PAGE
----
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Top morning stories:

Exiting HISD administrators speak of  fear, ‘nasty politics,’ and retaliation 

The state's conservator, Doris Delaney, interviewed half of the principals and administrators who've left HISD since January.
The state’s conservator, Doris Delaney, interviewed half of the principals and administrators who’ve left HISD since January.

This past spring, a slew of top administrators decided to leave or retire from the Houston Independent School District, including the chief of staff and deputy superintendent. News 88.7 obtained exit interviews with about a dozen of those former employees, who cited a lack of trust, concern about the district’s future and instability and negativity from the school board.

For asylum seekers in Houston, chances can be slim

Salvadoran migrants Allison Ximena and her mother Cindy Madrid reunify in Houston. Their lawyer says they will seek asylum in the U.S.

In Houston, one federal immigration court judge denied as many as 97 percent of asylum cases she heard between 2012 and 2017. The average asylum denial rate in Houston was 87 percent. Those numbers look a lot different in other parts of the United States. Why?

False alarm at the home of murder suspect

HPD has identified the suspect in the murder of Dr. Mark Hausknecht as Joseph James Pappas. Chief Art Acevedo said during a news briefing that Pappas’ mother had been a patient of Hausknecht’s about 20 years ago and died during a surgery he was performing.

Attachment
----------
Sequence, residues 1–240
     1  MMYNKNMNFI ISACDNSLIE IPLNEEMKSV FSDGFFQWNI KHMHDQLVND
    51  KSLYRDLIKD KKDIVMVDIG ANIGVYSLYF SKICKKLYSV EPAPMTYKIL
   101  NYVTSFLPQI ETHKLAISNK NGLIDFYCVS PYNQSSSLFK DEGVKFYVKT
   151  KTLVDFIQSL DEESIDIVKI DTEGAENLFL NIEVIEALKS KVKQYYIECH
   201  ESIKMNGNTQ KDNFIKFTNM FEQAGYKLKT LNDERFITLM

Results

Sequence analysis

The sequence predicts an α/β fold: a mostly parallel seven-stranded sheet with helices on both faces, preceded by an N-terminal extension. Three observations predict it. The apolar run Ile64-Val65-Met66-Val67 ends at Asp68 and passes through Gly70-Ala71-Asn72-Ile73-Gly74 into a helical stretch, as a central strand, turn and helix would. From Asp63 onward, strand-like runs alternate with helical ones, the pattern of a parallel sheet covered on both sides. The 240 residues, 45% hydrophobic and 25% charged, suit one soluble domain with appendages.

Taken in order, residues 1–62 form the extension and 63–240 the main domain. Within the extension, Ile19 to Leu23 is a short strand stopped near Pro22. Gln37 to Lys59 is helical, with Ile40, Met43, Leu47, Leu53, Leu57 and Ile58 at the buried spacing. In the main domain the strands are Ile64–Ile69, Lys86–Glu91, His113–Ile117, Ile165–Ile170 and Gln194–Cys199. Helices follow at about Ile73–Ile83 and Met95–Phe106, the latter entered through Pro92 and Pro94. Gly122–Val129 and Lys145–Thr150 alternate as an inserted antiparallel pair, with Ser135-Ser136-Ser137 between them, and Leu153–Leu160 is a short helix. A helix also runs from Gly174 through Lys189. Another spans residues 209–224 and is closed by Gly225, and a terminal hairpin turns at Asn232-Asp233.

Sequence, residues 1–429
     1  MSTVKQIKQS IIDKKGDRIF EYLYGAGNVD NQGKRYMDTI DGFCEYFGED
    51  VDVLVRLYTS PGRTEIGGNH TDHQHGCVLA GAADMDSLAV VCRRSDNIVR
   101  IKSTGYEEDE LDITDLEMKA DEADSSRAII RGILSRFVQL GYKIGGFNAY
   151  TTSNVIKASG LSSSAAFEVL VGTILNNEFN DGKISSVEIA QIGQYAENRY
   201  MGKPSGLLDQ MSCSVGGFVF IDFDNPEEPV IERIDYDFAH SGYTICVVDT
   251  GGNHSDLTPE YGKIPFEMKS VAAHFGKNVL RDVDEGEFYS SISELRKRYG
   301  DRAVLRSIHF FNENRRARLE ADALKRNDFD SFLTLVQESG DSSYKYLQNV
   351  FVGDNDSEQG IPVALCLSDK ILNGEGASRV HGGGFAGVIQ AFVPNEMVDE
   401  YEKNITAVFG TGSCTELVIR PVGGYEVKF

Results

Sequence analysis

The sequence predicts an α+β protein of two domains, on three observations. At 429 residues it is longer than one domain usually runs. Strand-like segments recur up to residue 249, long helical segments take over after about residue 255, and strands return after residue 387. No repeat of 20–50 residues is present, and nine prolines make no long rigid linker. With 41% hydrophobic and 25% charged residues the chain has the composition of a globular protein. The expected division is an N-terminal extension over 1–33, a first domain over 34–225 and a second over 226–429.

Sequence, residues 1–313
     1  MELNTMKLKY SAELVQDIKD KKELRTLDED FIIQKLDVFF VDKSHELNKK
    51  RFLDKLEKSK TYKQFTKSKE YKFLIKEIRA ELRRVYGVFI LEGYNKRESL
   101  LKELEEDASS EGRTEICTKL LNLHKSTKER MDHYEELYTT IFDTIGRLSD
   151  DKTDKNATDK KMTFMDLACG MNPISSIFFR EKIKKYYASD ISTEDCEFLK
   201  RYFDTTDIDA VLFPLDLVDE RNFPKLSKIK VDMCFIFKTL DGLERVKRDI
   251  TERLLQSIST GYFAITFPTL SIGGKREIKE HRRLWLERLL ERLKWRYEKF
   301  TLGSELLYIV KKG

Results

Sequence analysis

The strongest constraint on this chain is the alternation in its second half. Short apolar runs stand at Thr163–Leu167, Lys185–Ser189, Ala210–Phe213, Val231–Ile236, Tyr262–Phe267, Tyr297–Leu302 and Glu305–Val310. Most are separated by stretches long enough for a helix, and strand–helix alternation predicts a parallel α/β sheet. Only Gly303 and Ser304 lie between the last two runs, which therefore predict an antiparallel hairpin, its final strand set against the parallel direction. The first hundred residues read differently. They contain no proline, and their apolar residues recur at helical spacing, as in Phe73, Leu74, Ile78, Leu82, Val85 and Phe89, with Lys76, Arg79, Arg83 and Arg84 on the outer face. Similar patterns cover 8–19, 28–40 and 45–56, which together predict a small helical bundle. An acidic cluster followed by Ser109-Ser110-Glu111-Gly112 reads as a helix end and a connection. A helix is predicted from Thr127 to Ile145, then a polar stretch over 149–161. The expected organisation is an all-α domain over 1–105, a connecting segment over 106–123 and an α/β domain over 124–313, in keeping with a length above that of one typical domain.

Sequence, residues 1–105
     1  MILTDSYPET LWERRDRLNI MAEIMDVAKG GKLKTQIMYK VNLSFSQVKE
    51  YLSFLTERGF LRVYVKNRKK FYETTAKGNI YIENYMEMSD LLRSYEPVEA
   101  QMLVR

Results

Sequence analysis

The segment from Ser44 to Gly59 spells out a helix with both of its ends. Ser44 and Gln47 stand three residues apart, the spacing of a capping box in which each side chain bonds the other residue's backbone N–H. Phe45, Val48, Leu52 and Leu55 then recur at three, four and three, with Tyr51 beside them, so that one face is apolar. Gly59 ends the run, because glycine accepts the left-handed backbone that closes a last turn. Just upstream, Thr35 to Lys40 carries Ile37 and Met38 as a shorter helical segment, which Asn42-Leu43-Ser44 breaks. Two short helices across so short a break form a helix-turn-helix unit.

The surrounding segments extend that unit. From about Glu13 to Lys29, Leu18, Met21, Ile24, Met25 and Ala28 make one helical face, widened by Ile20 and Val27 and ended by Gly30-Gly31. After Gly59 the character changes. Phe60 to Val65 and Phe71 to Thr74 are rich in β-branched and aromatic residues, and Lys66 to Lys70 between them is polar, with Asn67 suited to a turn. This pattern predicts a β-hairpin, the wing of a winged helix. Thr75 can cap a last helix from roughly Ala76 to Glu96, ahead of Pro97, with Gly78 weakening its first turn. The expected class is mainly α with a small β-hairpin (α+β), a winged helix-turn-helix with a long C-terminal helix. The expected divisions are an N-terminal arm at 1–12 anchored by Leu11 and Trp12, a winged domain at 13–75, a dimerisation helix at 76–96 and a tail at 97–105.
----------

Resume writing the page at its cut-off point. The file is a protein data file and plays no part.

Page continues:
Authorities are still searching for the suspect in the murder of a prominent Houston cardiologist. Police say a neighbor called authorities to report a possible sighting of the suspect, 62-year-old Joseph Pappas, but when SWAT officers and local law enforcement responded late Thursday night, it turned out to be a false alarm. 

Pappas is described was described by a neighbor as a nice, quiet man who kept to himself and had few close friends.

Pappas, who authorities described as armed, dangerous and possibly suicidal, is accused of killing Dr. Mark Hausknecht last month as he rode his bicycle to work in the Texas Medical Center.

EPA to investigate response to Harvey air quality concerns

The Environmental Protection Agency’s internal watchdog office is reviewing whether federal and state officials kept the public appropriately informed last year about potential air quality threats after Hurricane Harvey hit Texas.

The EPA’s inspector general’s office says an audit will scrutinize the agency’s response after several high-profile accidents and spills following the storm, including explosions and fire at the Arkema chemical plant in Crosby.

The inspector general plans to examine whether officials from the EPA and state agencies properly addressed potential high-risk areas and whether air quality monitoring indicated any potential health concerns.

Also under review is whether those air monitoring results and any associated health concerns were “accurately communicated to the public.”